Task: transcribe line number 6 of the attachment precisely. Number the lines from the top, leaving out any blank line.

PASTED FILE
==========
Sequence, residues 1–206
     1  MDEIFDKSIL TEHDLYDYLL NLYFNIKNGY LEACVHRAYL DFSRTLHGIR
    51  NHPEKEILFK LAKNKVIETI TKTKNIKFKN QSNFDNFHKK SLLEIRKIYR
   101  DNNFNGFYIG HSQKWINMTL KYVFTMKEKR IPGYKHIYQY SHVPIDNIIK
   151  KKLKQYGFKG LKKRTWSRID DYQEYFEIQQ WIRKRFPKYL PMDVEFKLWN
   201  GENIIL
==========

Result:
   201  GENIIL